For instance, in my latest display of Lodz Ghetto Cemetery data I have displayed at least two photos of the cemetery grounds where one can distinguish the names inscribed on at least two matzevot, one for a Sura Goldkrantz and the other for a Rivka Leah Borenstein (Borenstejn perhaps in Polish). The first photo can be found at; the Borenstein gravestone photo can be found above or at There are photos like these that are found on a number of sites, e.g. the US Holocaust Memorial Museum (, not to mention others. It might be a good project--that shouldn't take that long at all--for someone to do a limited search on such sites and find such matzevot photos, and where there are names inscribed that are legible, to make a list of them, i.e. at least the name of the deceased and the town in which the cemetery is located. Then you can post them for all of us to see. Of course, you're welcome to send this list to me and I will make the list available to all online.

Of course there are many matzevot still extant within the many cemeteries of Europe, and many photos have been taken of them and put online. Many, however, are broken, missing or otherwise eroded to the point of being indistiguishable. Surely, though, there are photos online or elsewhere of matzevot that are no longer extant, that can be of genealogical value to those who are researchers of particular surnames or towns.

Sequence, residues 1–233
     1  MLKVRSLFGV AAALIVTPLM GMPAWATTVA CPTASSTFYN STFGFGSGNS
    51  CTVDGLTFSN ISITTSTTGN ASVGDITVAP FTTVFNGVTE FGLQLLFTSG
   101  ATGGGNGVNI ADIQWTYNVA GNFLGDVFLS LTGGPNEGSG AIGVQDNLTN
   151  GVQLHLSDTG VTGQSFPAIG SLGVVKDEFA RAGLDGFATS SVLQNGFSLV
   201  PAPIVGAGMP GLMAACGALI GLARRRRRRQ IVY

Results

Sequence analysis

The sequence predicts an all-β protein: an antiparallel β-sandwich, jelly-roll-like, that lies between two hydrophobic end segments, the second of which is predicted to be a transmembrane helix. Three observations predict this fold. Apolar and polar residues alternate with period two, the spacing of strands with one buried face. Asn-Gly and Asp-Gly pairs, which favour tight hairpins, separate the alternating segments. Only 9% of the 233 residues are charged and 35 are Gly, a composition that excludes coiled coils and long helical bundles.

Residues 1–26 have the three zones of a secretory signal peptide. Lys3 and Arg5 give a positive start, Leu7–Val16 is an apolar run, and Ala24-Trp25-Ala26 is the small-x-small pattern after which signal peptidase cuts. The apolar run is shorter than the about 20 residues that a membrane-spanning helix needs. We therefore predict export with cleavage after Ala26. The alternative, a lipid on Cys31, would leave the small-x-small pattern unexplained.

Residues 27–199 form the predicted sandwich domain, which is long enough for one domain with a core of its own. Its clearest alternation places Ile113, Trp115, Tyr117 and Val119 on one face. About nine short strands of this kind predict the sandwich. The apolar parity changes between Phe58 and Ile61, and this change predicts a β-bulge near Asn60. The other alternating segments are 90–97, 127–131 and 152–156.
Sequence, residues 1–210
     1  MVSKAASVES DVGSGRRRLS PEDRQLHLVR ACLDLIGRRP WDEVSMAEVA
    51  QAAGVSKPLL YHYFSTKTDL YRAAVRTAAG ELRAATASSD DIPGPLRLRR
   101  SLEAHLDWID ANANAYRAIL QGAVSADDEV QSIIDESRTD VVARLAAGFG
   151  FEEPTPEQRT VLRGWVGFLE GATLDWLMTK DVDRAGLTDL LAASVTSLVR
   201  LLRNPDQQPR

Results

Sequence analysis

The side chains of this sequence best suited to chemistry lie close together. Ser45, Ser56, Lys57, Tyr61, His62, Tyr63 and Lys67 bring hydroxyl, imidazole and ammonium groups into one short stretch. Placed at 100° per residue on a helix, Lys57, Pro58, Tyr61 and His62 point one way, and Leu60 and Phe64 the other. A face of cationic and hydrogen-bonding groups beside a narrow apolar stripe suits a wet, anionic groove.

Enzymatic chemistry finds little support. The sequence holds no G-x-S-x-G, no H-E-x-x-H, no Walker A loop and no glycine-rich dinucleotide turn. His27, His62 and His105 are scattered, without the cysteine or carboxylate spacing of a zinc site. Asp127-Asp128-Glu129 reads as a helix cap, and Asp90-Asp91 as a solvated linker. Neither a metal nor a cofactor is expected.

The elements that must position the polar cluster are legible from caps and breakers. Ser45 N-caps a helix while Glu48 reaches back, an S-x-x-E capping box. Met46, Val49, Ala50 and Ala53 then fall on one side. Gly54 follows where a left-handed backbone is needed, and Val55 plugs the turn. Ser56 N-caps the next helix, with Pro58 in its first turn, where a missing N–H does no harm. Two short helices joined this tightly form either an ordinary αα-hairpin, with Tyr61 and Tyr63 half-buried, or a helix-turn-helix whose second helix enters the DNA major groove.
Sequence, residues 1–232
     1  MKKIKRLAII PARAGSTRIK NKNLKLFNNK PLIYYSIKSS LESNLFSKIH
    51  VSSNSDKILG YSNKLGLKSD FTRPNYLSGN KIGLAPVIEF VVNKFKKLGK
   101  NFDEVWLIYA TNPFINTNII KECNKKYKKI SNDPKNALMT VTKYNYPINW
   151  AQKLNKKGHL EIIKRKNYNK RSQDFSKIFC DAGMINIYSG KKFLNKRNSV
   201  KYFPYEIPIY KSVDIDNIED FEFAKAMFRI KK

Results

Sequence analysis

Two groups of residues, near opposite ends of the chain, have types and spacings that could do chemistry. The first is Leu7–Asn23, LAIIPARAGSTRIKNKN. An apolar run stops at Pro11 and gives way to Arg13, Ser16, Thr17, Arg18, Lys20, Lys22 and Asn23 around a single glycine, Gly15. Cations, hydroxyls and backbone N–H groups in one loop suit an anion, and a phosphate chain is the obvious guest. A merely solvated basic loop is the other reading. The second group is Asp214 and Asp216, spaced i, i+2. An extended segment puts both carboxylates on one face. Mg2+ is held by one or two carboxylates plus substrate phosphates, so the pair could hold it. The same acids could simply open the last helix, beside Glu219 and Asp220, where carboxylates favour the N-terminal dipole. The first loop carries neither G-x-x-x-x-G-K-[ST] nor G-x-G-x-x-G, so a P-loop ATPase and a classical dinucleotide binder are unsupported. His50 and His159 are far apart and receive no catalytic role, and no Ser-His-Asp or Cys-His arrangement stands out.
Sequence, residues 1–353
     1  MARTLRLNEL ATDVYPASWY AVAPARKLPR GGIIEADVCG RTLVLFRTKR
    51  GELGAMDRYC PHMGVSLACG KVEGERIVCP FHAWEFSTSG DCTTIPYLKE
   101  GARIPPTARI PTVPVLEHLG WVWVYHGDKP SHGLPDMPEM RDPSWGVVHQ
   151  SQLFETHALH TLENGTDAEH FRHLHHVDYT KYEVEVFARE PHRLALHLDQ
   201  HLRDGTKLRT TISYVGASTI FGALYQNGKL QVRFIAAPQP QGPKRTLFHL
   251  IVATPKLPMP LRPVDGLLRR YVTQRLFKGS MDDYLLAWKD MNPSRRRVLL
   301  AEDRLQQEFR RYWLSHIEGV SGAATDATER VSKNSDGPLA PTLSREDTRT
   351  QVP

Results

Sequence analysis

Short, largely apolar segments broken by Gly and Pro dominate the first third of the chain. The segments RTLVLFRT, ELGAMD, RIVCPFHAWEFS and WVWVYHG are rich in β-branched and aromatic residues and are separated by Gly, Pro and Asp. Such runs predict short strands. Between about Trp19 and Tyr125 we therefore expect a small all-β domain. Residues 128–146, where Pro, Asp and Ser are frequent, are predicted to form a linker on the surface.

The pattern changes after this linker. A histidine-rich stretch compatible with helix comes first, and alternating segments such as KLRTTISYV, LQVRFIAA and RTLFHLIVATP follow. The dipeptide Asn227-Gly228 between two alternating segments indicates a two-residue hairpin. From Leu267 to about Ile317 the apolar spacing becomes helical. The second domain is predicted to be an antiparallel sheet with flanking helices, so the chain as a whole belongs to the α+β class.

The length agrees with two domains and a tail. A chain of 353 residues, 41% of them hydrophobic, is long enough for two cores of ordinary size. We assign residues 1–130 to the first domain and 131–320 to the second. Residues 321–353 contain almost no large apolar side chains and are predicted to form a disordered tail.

Just an idea for a project that sounds interesting to me. What do you think?

Sunday, June 6, 2010

Master List for Lodz Ghetto Cemetery Now Online

For those of you who are interested in learning about those who are interred within the Lodz Ghetto Cemetery, you can now view the current master list online within the Museum of Family History.

Because of the large size of the database--there are more than 3,400 burials to date--the data had to be spread over four webpages, the burial lists organized alphabetically by the first letter of the deceased's surname.

The fields include:

Plot Location (section and grave number)
Surname (English)
Surname (Hebrew letters)
Given Name (English)
Date of Death (English)
Date of Death (Hebrew)
Age at Death
Hebrew Given Name(s) (English)
Given Name(s) (Hebrew letters)
Father's Name (English)
Father's Name (Hebrew letters)
Other Surnames

You can begin your lookups by visiting .

It is important to note that even though the list is divided among four webpages, it might take a minute or so (or not) to download each page. Also, because of the many fields and columns, you will no doubt have to scroll across the webpage to glean all the information for any particular burial.

There are many more burials in the Lodz Jewish Ghetto Cemetery and hopefully by sometime in 2011, more work will be done by those involved in this project to get more burial data online.